I want to emphasize the turmoil. I would guess that anyone that has surfed has felt the panic of these moments.  My brain is pointing out the fatigue of my shoulders and arms with great emphasis.  At some point they begin to feel like useless flaps that I’m throwing forward with each stroke in the hope that it will create some forward momentum.  Sometimes in this moment of fatigue, I’m tossed off of my board and forced under the water and my brain thinks this is a big problem!  Salt water is forced into my eyes, ears, nose and sometimes mouth. I pop my head above water with just enough time to find my board at the end of the leash, get back on and go through the washing machine again.  It’s uncomfortable to say the least.  But 90% of this is a mind game and the way through it is to not let my unmanaged brain run the show.  I do a couple of things in these moments.  First, I remind myself that I’m not dying.  Second, I remind myself that I’ve felt this way before and I got through it.  I got past the break.  Third, I remember that the set will end and I resolve to paddle like hell as soon as it does, floppy arms and all. 

It’s really about succumbing to the ocean, allowing it to toss me around a little, and understanding that it’s part of the process.  It doesn’t mean anything by it.  It’s not trying to destroy me.  It just is.  The fear—that’s what will destroy me.  That’s what makes the peaceful, rolling sea, just past the break, seem unreachable.  That’s what inspires resistance and struggle, which only leaves me feeling exhausted and floppy-armed.

This process is the best metaphor I’ve found for processing emotion.  For one, like John Mayer says, it’s just a wave—meaning it passes.  It’s not forever.  And when it comes, I just hold on until it’s gone.  Here’s the thing about holding on—it’s not resisting.  It’s allowing the emotion, embracing it like an old friend.  “Hello, loneliness, disappointment, fear, etc!”  Just like getting put through the washing machine in the ocean, processing emotion is a *physical* experience.  You get out of your head and into your body, curious about where that emotion shows up.  This interrupts the thought storm (which is really some derivative of fear).  And the magic is, that when I do this, like a wave, it passes.  It is always fear of the negative emotion that keeps it inside me.  When I let go of that fear and succumb, it turns out it is much less scary than I thought it would be.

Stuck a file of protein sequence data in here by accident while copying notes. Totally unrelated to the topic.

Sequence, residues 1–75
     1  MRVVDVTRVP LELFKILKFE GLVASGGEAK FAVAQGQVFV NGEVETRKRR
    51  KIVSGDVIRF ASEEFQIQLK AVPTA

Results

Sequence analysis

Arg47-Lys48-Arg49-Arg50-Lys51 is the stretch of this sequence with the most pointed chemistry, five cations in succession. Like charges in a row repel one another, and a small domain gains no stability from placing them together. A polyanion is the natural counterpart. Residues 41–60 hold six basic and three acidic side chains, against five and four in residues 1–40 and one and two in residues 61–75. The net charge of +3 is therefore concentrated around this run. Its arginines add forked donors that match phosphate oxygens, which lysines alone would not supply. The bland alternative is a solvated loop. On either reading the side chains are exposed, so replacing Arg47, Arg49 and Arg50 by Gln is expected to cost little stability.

Now this brings me back to namaste.  It’s that light inside of me that makes this all possible.  It is the reminder that I’ve been through the washing machine before and I’ve made it past the break with those floppy arms.  It’s the power in continuing to paddle even when I don’t see progress.  And what I love about namaste, is that in one word we acknowledge that the light is within each of us.  That we all feel fear and love.  Glennon Doyle wrote this:

What is real is the love and fear behind the voices and that makes us all the same because we are –  each and every one of us –  giant balls of fear and love. So I just try to see past the actual words people say to the energy behind the words people say- the fear and love  – because when I see that I can always smile in recognition: Namaste. I am fear and love, too.     Glennon Doyle, momastery.com

Namaste.  I am fear and love, too.